Brother Culture – 40 Years Anniversary Collection
01. Rastafari Army (40 Years Anniversary Version)
02. Jump Up Pon It
04. Heal Them
05. Strong (40 Years Anniversary Version)
06. Ghetto War (40 Years Anniversary Version)
07. Rough Little Sound (40 Years Anniversary Version)
08. Sound Killer
09. My Selecta
10. International Dance
11. Dreadlocks Thing
12. Critical (40 Years Anniversary Version)
13. Digital Rock (40 Years Anniversary Version)
16. Hip Hop Or Could It Be Reggae
17. Selassie Historical
18. All A We
19. Deadly Dance (40 Years Anniversary Version)
20. Obliterate (40 Years Anniversary Version)
With a music career that spans four decades, an artist truly deserves to get an anniversary release. And that’s what one of the leading figures in the UK reggae scene has been granted. Switzerland-based Evidence Music presents Brother Culture’s 40 Years Anniversary Collection, a testament to the artist’s rich musical journey from the UK to its international reach.
Born Simon Fajemisin to a Nigerian father and Irish mother, the youngest of seven children began his musical career after returning from Nigeria to the UK in 1981. After traveling with sound systems in south London such as Papa Channa, Prince Rising, and Young Enchanter, he joined Jah Revelation Sound and within a year became one of the youngest MCs in Brixton, London. At the time, Jah Revelation Muzik was the house sound system on which Sister Culture (his sister) was one of the most prominent MCs. Brother Culture was the host MC for Jah Revelation as they traveled throughout the UK playing private and official Twelve Tribes of Israel dances. The time spent with Jah Revelation allowed Brother Culture to be part of the 1980s sound system explosion, playing shows with sounds such as Sir Coxsone, Jah Shaka, King Tafari, and Renegade Sound. In 1985, Brother Culture participated and performed at the Crown Prince ball on Hope Road in Kingston, Jamaica, with other MCs from around the world representing the Twelve Tribes of Israel. This trip led Brother Culture to move to the United States in November 1986 and perform throughout the US and Canada with Brigadier Jerry.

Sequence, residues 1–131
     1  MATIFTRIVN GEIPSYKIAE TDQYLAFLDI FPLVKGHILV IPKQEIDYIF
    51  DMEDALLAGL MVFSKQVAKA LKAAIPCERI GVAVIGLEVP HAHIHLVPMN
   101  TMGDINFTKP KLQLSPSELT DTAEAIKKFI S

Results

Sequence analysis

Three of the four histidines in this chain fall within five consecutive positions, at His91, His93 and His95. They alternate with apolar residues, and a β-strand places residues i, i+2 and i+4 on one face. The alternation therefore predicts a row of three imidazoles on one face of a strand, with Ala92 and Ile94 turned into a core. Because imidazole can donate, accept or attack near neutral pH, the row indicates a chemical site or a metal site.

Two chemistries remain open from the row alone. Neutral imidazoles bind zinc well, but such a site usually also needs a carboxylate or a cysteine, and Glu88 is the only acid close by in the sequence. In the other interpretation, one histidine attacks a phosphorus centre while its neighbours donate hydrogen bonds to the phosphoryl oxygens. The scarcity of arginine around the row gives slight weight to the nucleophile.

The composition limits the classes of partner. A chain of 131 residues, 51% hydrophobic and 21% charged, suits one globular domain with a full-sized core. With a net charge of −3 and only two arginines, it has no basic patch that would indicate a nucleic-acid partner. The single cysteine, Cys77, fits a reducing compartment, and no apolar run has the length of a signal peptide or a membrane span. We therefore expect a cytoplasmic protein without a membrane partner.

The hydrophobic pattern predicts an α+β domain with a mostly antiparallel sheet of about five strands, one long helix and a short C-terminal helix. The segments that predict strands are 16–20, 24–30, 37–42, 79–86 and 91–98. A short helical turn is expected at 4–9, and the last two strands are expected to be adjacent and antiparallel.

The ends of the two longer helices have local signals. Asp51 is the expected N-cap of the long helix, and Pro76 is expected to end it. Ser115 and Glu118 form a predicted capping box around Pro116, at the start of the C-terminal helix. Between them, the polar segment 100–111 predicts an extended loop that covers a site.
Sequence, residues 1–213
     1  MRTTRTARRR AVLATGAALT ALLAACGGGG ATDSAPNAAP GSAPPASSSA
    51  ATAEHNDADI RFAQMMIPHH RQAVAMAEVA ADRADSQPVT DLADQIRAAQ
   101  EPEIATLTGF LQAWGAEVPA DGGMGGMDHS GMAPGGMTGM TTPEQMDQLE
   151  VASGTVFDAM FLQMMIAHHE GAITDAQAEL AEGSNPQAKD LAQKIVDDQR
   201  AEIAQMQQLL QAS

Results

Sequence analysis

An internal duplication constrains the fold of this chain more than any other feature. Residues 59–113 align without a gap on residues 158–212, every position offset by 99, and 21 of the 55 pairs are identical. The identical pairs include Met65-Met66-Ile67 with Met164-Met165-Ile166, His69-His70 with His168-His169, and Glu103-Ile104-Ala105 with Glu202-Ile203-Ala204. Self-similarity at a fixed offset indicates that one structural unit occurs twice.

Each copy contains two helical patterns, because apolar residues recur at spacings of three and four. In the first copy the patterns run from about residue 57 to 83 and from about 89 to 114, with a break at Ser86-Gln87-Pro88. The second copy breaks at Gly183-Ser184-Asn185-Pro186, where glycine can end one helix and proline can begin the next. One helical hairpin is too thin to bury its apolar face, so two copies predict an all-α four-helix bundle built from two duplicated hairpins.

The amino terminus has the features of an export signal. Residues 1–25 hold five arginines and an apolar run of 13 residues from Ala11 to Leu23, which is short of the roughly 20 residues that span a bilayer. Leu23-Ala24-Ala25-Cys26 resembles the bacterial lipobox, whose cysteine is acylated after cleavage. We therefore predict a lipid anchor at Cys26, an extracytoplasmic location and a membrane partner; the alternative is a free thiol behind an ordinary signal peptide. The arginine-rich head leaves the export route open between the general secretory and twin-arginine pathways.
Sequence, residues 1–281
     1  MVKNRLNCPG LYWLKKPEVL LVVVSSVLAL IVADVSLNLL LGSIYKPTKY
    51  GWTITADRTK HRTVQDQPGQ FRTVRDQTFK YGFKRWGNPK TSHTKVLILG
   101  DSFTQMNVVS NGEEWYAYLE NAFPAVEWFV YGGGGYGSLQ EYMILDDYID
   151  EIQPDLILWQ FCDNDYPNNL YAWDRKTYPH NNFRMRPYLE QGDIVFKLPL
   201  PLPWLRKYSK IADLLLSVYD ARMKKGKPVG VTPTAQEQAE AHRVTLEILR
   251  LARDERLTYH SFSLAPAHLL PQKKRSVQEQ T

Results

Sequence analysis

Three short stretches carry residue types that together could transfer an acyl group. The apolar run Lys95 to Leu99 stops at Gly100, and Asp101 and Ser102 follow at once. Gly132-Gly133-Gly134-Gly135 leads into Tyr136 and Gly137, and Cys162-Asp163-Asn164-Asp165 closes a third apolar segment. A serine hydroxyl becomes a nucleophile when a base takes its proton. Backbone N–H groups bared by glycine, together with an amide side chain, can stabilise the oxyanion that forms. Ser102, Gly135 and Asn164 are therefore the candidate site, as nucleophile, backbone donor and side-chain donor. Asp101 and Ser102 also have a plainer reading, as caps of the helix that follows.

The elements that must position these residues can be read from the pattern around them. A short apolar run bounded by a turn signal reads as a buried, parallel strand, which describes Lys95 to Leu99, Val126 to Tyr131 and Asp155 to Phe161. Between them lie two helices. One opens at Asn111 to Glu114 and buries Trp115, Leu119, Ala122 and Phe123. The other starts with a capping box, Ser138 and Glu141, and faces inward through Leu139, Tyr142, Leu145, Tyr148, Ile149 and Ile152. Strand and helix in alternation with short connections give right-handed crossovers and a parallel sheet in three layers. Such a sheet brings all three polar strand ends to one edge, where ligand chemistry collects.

It was in 1987 that Brother Culture started recording singles, his first being Hip Hop Or It Could Be Reggae produced by Patrick “Progressive Sounds” and released on the Progressive Sounds label. The track became a hit on the underground circuit and Brother Culture began working with various producers. Then, In the early 1990s, he started MCing at London’s Dub Club, which led to new associations with UK dub/roots producers such as Adrian Sherwood and Manasseh. Throughout the 1990s, he continued to tour and record and also became involved in the burgeoning bass music scene. Brother Culture proved that he was able to adapt his unique style to the new emerging scenes and began to work with labels such as Liquid Sound Design. Since the early 2000s, he travels the world as an established MC artist spreading out the positive message of Jah music. He also continues to record new productions for many producers and bands such as The Prodigy (Thunder from the 2009 album Invaders Must Die), Mungo’s Hifi, Hammerbass, Roots Garden Label, Dubmatix, Black Redemption, Kinyama Sounds, Black Redemption, Reggae Roast, and RUNN Records. In 2010, Brother Culture was featured in his first video clip for the track Spiritually Equipped, which was produced by Kinyama Sounds. He collaborated with electronic music group The Prodigy on their 2015 album The Day Is The Enemy and No Tourist from 2018. In 2018, Evidence Music released the acclaimed 14-track album Code Name, which is now followed by the 40 Years Anniversary Collection featuring predominantly tracks coming from Evidence Music and its associates.
The first track brings to mind 2011, the year Geneva’s Kinyama Sounds released Brother Culture’s 7-track EP City Of Vibes on which the album opener Rastafari Army was featured (also the track Catchy is taken from that EP). However, it’s not the original version that leaps off the speakers but the “40 Years Anniversary Version”. It’s actually one of eight updated versions of old songs. Brother Culture being a fully-fledged member of the Rastafari Army, it’s surely an appropriate choice to start this collection with this song. The infectious Jump Up Pon It, known from the Code Name album, shifts the mood from roots reggae to a UK stepper cut with electronic influences. The third track of the opening pack, the 2011 head-nodding piece Super Nova, is a good example of Brother Culture’s often-praised combination of storytelling and deliverance. After this satisfying opening pack, listeners are offered no less than seventeen tracks including several winners. Among them are the enjoyable old-skool styled Heal Them, Strong, a track that demonstrates the artist’s tight lyrical ability, and the haunting updated version of the social commentary Ghetto War from his 2012 collaboration with Ondubground. The powerful UK stepper Dreadlocks Thing has Brother Culture flowing madly over a riddim created by Derrick Sound and Little Lion Sound. The album comes to an end with the updated version of the 2017 tune Obliterate which is underpinned by an appealing traditional steppers style riddim.
Brother Culture’s 40 Years Anniversary Collection will also be available on CD and Vinyl LP at the beginning of 2023.
Jump Up Pon It